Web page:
EVELETH — For two decades, the Eveleth Lions Cross Country Invitational has been one of the premier races for high school runners in Northeastern Minnesota.
With more than 20 teams and 800 athletes set to compete at various levels, the race provides teams and runners with a good look at other area teams in a large-scale setting.
In it’s 20th year, Eveleth-Gilbert head cross country coach and race coordinator Jon Wagner described the last few decades as “a fun ride.”
“It’s fortunate for us that we can have such a great venue like the Eveleth Golf Course over St. Mary’s Lake. It’s sure been a fun ride to do this for 20 years.
“I know people ran cross country there in the ‘60s and ‘70s and I sure would have liked to run it myself in high school. The course has one hill. It’s steep but it’s pretty short.”
The 25 teams scheduled to compete at this year’s meet include Carlton/Wrenshall, Chisholm, Cloquet, Cromwell-Wright/Floodwood, Crosby-Ironton, Deer River/Northland, Duluth Denfeld, Duluth East, Ely, Eveleth-Gilbert, Fond du Lac Ojibwe, Hermantown, Hibbing, International Falls, Lakeview Christian Academy, Duluth Marshall, McGregor, Mesabi East, Mountain Iron-Buhl, North Shore (Two Harbors/Silver Bay), Proctor, South Ridge/Cherry/North Woods, Superior (Wis.) and Virginia.
With so many teams, Wagner says around 25 is the perfect number for the kind of meet they want to put on.
“We really can’t get much bigger than this so it’s a nice size for us. It’s also nice some of the bigger, AA schools get a chance to see each other. We usually attract most of the teams in 7A which lets everyone see what everyone has early in the season.”
The competitors will be split between varsity and junior high levels as well Class A and Class AA for smaller and larger schools, respectively. The race kicks off at 3:30 p.m. with the Class A girls’ varsity race with the AA girls’ race at 4:05 p.m. The boys’ A race will kick off at 4:40 p.m. and the AA race will start at 5:10 p.m. The junior high races will follow the boys’ AA race.
The Proctor girls and North Shore boys will look to defend their titles in Class A with the Duluth East girls and Cloquet boys will defend the Class A titles.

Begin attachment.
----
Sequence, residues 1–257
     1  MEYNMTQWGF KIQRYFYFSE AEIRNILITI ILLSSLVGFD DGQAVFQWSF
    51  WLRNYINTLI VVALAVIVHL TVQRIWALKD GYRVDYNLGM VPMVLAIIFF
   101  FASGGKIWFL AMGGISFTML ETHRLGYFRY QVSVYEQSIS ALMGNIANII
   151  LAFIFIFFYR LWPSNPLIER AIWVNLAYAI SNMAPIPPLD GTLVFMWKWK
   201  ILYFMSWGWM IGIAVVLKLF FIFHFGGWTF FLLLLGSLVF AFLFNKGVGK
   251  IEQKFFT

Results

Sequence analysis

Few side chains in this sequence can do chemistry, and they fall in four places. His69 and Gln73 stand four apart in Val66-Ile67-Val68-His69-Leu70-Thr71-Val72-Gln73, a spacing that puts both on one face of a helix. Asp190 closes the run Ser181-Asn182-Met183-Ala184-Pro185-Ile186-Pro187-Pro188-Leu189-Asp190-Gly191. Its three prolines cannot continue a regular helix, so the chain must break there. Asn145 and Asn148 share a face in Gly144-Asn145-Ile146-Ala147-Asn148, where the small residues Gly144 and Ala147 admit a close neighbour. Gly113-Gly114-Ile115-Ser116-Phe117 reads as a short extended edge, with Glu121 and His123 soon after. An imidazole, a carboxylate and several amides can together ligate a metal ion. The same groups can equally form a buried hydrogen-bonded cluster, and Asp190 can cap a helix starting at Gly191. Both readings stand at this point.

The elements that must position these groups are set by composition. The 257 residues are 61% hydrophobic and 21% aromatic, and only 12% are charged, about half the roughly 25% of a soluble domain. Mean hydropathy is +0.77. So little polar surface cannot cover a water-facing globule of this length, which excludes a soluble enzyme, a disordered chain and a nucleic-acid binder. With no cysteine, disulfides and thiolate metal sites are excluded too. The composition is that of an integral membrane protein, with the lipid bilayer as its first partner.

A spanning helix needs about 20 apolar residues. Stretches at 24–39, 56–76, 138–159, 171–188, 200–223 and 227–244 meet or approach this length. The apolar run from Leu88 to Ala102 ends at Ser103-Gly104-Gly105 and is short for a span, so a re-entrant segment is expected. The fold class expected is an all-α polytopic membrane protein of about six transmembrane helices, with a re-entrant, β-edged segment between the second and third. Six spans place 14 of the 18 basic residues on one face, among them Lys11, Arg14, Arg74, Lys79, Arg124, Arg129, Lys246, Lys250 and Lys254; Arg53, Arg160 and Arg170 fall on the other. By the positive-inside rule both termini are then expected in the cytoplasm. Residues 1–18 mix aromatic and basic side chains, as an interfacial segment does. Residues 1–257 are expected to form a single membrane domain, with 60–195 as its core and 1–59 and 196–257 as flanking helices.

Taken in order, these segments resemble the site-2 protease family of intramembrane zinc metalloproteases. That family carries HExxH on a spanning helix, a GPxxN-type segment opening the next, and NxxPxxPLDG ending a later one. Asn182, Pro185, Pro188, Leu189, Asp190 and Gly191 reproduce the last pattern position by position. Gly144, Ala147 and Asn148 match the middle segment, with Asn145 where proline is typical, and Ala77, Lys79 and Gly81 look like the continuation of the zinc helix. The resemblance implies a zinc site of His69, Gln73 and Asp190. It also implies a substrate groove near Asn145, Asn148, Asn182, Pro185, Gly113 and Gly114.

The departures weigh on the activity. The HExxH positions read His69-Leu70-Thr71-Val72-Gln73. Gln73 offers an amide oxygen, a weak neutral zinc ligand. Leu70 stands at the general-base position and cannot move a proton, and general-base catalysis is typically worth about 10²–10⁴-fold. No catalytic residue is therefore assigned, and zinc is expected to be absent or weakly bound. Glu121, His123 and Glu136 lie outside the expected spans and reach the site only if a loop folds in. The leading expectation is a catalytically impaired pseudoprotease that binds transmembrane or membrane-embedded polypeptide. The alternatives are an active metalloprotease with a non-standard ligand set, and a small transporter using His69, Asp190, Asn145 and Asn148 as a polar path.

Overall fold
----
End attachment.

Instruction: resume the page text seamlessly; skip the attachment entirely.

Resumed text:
Individually, Mesabi East’s Ava Hill is the defending champion in the girls’ Class A race while Ely’s Luke Olson hopes to repeat as the boys’ Class A champion. Virginia’s Cameron Stocke finished runner-up last year and looks to contend for this year’s crown. Duluth Marshall’s Emma Stattelman is the next highest returning runner on the Class A girls’ side.
Runners on both the boys and girls side look primed to challenge the frontrunners and Wagner says it’s an exciting thing to see from area runners.
“Right now in Class A, there are quite a few runners that are looking to challenge the leaders. I think it’s going to be really interesting to see who gets into that top 15 and how things shake out.”
The strong competition in attendance at the meet will allow area runners to push themselves early in the season according to Wagner.
“You always want your own runners to do well but we want everyone in the area to do well. It just elevates everyone’s performance. You’ll see a lot of these runners at sections and state and it’s how you know you’re in good company and that you could fare well.”
In Class AA, both races will have new champions as 2018 champions Molly Weberg of Duluth East and Blaine Borg of Cloquet have both graduated. Cloquet’s Lauen Cawcutt (third) and Jordan Allen (Second) are the highest returning runners from both the girls and boys races, respectively.
For the first decade the race was in existence, the weather held up rather remarkably. The last 10 years, however, the Lions Invite has seen more rain than sunshine it seems. Heading into today’s meet, it looks like runners are in for another rainy event.
“The one thing you can’t control is the weather,” Wagner said. “It looks like we’re going to have steady rain during the race but no thunder and lightning which is what’s important.”
With volunteers from the Lions Club and the Eveleth-Gilbert High School putting countless hours into the meet over the last two decades, Wagner says credit should be given to those that make things run smoothly year after year.
“The Lions Club has done a wonderful job as a host and sponsor for us. Between the high school and the Lions, we’ve been able to put out at quality meet for some time now. There are a lot of volunteers and people putting in their free time to really help us out here.”